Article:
Beets have been extensively researched for their ability to lower high blood pressure, which is a crucial risk factor for heart disease.
In specific trials, Beetroot juice has been shown to lower both systolic and diastolic blood pressure.
The effect appears to be more vital for systolic blood pressure, which is the pressure your heart experiences when it contracts, rather than diastolic blood pressure, which is the pressure your heart experiences when it relaxes. Raw beets may also have a more significant effect than cooked beets.
The high content of nitrates in this root vegetable is most likely to blame for these blood pressure-lowering benefits. Dietary nitrates are converted in your body to nitric oxide, a chemical that dilates blood vessels and lowers blood pressure.
Beets are a good source of folate as well. Several studies suggest that increasing your folate consumption can dramatically lower blood pressure levels, despite contradictory outcomes from research.
However, keep in mind that the effect of beets on blood pressure is just transient. As a result, you must consume them regularly to reap long-term heart-health benefits.
3. Has The Potential To Boost Athletic Performance
Several studies have revealed that dietary nitrates, such as those contained in beets can help athletes perform better.
Nitrates appear to improve physical performance by increasing the efficiency of mitochondria, the cell’s energy-producing organelles.
According to one study, Beetroot juice can improve endurance by lengthening the time it takes to become weary, improving cardiorespiratory performance, and increasing athlete efficiency.
Beet juice has also been proven to boost cycling performance and increase oxygen consumption by up to 20%, which is promising.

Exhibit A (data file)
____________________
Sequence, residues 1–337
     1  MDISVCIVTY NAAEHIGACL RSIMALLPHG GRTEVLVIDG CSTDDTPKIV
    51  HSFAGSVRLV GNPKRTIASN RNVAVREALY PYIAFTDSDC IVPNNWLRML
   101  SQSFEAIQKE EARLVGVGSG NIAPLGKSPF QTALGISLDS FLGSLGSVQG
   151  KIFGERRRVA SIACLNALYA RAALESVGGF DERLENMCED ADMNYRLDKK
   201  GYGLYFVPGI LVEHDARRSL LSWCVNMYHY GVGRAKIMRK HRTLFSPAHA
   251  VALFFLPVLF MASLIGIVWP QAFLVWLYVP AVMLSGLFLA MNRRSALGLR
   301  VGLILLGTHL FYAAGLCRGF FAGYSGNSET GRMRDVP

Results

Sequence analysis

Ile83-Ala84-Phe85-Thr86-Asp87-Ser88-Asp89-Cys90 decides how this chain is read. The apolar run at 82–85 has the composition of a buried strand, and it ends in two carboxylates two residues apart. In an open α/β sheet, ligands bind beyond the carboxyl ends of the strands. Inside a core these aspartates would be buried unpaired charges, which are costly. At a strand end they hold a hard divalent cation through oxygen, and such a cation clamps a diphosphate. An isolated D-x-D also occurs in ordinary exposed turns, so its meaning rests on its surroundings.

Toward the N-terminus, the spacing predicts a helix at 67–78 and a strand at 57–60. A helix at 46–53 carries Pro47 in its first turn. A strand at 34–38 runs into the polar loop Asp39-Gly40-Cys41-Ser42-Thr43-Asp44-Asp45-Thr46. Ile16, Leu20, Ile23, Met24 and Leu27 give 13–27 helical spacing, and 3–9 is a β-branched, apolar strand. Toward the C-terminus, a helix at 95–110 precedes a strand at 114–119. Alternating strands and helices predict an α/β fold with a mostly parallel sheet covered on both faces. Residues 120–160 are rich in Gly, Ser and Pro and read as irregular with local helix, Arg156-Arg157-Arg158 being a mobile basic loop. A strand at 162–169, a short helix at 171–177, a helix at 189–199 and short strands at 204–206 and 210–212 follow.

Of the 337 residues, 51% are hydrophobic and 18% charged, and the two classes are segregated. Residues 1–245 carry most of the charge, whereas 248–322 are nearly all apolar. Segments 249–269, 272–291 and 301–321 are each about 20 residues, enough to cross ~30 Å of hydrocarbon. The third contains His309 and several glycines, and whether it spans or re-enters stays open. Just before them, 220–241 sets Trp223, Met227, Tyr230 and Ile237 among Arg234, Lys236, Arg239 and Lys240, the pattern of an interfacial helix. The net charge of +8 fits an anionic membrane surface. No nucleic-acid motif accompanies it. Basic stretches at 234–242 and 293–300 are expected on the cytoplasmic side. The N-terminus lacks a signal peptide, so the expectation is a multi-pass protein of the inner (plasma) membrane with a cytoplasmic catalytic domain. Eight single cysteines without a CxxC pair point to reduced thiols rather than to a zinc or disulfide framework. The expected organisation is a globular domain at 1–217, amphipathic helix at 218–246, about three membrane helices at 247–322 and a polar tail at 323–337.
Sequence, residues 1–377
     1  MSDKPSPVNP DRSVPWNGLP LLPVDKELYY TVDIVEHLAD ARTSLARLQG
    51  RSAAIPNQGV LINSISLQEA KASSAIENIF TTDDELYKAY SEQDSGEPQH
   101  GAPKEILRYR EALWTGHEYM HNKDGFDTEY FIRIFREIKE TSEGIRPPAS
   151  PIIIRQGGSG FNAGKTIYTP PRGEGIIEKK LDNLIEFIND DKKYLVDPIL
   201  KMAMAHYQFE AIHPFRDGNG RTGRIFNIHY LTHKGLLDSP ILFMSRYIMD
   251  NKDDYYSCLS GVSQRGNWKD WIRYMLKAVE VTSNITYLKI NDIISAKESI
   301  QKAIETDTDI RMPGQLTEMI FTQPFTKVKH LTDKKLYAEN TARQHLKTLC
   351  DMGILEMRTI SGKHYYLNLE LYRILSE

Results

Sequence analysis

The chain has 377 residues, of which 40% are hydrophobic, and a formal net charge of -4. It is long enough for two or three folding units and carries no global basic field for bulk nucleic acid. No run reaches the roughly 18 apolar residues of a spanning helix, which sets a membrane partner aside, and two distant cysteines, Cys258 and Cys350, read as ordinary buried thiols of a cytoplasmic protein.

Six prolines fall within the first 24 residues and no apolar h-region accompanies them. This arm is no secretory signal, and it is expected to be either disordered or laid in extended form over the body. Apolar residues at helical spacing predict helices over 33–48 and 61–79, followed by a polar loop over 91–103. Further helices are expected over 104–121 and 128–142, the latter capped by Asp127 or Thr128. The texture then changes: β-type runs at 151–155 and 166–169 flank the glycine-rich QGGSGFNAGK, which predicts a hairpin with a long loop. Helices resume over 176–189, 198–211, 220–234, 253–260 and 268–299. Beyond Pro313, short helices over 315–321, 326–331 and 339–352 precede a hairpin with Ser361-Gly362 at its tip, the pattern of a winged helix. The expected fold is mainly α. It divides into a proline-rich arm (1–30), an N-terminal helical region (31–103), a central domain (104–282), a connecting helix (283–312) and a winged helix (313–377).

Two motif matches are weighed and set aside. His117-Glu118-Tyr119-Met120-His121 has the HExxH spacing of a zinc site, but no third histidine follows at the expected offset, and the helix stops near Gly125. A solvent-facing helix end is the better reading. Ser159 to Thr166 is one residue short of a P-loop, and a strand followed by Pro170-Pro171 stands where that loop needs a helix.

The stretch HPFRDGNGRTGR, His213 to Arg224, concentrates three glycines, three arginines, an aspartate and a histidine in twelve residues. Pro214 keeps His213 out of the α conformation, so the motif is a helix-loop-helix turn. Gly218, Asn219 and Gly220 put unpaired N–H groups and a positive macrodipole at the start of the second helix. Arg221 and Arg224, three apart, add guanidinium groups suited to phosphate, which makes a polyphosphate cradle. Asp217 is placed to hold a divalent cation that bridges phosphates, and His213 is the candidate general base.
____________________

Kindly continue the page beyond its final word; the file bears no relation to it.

It’s worth noting that blood nitrate levels peak 2–3 hours after eating beets or drinking beet juice. As a result, it’s ideal for ingesting them a few hours before training or competition to get the most out of them.
4. It Has The Potential To Promote Intestinal Health
Beets have 3.4 grams of fiber per cup, making them a good fiber source.
Fiber skips digestion and goes straight to the colon, feeding good bacteria and bulking up feces.
Constipation, inflammatory bowel illness (IBS), and diverticulitis are just a few digestive disorders that can be avoided by doing so.
In addition, fiber consumption has been related to a lower risk of chronic diseases such as colon cancer, heart disease, and diabetes.
Is The Sugar Content Of Beets Too High?
Beets have a higher sugar content than many other vegetables, with roughly 8 grams in a serving of two small beets. However, this isn’t the same as consuming 8 grams of sugar from a cookie. “Beets are abundant in fiber,” explains Linsenmeyer, “which retains the sugar and inhibits its absorption into the bloodstream.” Even though they come from different plants, both cane and beet sugars contain 99.95 percent sucrose. They do, however, have a small fraction of contaminants (about 0.02 percent) that is distinct. There is no difference between white cane and beet sugars in human nutrition and health.
How To Grow Beets At Home?
If you have enough space, beets are pretty straightforward to cultivate. Plant beets as soon as the ground thaws in the spring. The bulbs require growing space and love loamy soil (a wet blend of dirt and sand). Plant seeds roughly every 4 inches, 1 inch deep. Consistently expose them to the sun and water.
Your seeds will have changed into gorgeous beets and will be ready to harvest in approximately 8 to 10 weeks. You can restart the process in late summer for a fantastic fall harvest.
Beets are high in nutrients and have numerous health benefits. They can benefit your brain, heart, and digestive system, be a fantastic supplement to a balanced diet, improve athletic performance, reduce inflammation, and perhaps delay cancer cell growth. Beets are also delicious and simple to incorporate into your diet, and they’re fantastic in salads, side dishes, smoothies, dips, and juices.